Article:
Havana & Marina Hemingway Updates
Published 7 years ago, updated 4 years ago
Having just left the Hemingway Marina (April 7, 2016) and noticing the change in the last 12 months, we thought an update on the present situation is in order.
1. New (increased) berthing prices (per April 1) as follows (all per feet):
- Under 45 feet: CUC 0.70 (from CUC 0.50);
- 45 to 74 feet: CUC 1.00 (from CUC 0.55);
- 74 – 89 feet: CUC 1.80 (from CUC 0.70);
- Over 89 feet: CUC 2.50 (from CUC 2.00).
- All other fees remain as is.
2. Channel 1 now has service points (water and electricity (50A)) and thus no longer lower berthing fees;
3. Clearing in and out took us less than 30 minutes by very friendly and cooperative officials.
4. Free bus service to downtown Havana is replaced by the Hop-on-off bus system. CUC 1 pp. to La Cecillia Restaurant (near Playa taxi roundabout) connecting (within 10 minutes) to the new Havana Hop-on-off bus system (“Big Bus” alike). See below for details.
5. As it was quite busy, it might be advisable to let the dock master know of your planned arrival. His details:
- Email: [email protected] or [email protected]
- Phone: +535.7204.5088
Havana Hop-on-off bus (CUC 10 pp.) does a 45-minute tour through Havana visiting all major tourist attractions with (Cuban style) explanation of places of interest. Final stop at Parque Central Old Havana. Every 20 minutes at any stop (with some flexibility).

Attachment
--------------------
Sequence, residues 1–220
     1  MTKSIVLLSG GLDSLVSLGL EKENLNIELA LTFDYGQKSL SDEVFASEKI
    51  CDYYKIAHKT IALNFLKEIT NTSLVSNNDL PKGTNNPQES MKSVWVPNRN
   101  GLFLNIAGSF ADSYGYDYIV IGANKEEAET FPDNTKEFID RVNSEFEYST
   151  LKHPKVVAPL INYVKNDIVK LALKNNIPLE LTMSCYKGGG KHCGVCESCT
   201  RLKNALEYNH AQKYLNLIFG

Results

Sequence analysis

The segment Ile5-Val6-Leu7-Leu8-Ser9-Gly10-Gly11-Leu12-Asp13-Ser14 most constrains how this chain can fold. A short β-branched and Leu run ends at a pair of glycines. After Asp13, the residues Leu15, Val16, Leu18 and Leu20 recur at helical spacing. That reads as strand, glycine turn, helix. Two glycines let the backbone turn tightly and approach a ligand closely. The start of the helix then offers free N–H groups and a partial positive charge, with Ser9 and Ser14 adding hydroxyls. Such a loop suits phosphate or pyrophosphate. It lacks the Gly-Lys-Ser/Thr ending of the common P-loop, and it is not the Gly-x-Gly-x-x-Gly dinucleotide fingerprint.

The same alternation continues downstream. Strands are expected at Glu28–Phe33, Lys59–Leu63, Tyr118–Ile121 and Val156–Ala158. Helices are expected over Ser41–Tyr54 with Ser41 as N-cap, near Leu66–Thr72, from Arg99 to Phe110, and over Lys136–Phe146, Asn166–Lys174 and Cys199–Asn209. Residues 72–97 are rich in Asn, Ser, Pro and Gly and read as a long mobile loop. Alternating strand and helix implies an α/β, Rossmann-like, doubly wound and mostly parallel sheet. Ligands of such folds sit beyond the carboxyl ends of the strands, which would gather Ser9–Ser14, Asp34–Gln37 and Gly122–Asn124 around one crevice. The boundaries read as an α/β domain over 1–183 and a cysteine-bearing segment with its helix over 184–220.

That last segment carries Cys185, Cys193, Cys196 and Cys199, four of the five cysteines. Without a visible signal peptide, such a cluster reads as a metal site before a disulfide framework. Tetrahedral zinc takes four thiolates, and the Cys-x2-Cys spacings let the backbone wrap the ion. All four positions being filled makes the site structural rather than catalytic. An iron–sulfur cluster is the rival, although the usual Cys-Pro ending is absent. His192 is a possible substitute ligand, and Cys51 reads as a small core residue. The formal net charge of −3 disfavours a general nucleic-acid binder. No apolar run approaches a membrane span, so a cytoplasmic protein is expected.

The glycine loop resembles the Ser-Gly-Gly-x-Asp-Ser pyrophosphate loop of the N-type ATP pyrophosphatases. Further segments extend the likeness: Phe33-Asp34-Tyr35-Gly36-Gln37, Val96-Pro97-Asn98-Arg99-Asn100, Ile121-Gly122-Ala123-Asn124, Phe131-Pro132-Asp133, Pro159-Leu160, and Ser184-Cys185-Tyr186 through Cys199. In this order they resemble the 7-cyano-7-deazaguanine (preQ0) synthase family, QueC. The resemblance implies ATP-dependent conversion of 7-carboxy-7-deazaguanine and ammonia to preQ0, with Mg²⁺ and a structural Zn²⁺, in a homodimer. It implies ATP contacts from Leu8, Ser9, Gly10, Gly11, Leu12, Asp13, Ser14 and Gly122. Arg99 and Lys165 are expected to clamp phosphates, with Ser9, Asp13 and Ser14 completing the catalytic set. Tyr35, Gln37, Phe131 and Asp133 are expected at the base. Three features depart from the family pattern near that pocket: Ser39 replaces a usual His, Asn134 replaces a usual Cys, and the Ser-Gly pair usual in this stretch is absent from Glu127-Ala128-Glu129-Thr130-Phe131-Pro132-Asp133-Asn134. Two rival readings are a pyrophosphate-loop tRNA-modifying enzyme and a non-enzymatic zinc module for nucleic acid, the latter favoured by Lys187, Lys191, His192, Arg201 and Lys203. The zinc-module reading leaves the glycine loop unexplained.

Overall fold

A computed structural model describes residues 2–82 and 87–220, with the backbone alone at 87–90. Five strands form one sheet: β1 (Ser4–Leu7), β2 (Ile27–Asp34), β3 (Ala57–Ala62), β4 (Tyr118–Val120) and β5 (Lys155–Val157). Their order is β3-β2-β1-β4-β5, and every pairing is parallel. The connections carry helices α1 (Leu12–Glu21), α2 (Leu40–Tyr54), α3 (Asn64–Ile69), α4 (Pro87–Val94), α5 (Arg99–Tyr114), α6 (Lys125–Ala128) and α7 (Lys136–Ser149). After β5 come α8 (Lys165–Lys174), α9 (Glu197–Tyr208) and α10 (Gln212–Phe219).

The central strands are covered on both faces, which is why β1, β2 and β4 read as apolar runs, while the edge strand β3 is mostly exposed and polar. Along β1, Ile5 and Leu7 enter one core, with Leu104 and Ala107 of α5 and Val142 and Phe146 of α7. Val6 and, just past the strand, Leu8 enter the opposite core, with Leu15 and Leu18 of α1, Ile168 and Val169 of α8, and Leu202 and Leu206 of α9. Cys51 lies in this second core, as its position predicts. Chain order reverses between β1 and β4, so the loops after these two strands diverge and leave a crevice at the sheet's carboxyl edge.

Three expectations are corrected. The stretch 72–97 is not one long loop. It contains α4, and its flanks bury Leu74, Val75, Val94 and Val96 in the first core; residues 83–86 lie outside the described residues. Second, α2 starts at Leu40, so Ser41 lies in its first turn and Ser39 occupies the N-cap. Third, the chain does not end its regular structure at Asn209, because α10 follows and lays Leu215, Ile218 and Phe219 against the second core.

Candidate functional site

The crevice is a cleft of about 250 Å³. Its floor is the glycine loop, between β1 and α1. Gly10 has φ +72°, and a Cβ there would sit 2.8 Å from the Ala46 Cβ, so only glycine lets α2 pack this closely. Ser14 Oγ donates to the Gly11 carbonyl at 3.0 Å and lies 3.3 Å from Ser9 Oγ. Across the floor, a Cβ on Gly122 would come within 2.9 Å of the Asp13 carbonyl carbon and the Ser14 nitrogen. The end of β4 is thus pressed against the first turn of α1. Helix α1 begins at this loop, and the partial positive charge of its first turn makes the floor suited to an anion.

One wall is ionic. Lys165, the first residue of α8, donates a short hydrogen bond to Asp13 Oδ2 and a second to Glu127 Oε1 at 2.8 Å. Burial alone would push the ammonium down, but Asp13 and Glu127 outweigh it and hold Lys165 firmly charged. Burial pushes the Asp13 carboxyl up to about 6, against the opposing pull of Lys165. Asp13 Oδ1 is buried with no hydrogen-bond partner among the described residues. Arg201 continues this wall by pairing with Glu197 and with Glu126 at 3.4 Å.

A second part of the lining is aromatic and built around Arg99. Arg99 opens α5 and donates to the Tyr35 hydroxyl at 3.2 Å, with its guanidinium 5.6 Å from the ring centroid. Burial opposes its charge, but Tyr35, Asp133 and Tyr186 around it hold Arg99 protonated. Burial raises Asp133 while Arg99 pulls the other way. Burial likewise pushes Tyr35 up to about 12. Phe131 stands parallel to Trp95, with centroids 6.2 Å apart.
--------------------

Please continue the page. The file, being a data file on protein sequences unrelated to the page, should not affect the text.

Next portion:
It seems other major tourist cities have a similar system. We have seen the same at Vineales.
Per June 2015, Etecsa rolled out Wi-Fi hotspots throughout Cuba. We used the Obispo Old Havana (relatively stable but very popular so some overload occurring) and La Linea (opposite Hotel Libre/ Coppellia – more stable). One needs to buy minutes at either Etecsa offices (the usual long queues) for CUC 2 for one hour or at every hotspot from entrepreneurial Cubans for CUC 3 (no queues). Look confused and they will approach you immediately.
Easy to find other spots. Every hot spot has a good crowd of young Cubans happily Skyping and browsing the internet.
Generally, the connection is good but the hotspots get easily overloaded. Like everything else in Cuba, some waiting and persistence are required.
3. Local taxis.
Some stronger and more persistent negotiations are required than before to achieve a reasonable rate. The increased flow of tourists (especially those from the US) might have contributed to this. We were in Cuba just after the Obama and the Rolling Stones visit, so might have been a hangover of the enormous increase of visitors in the Havana area.
Interesting was to notice that more taxi drivers are now roaming around the marina willing to negotiate a reasonable fare to downtown Havana. Clearly, the increased boat population has been noticed!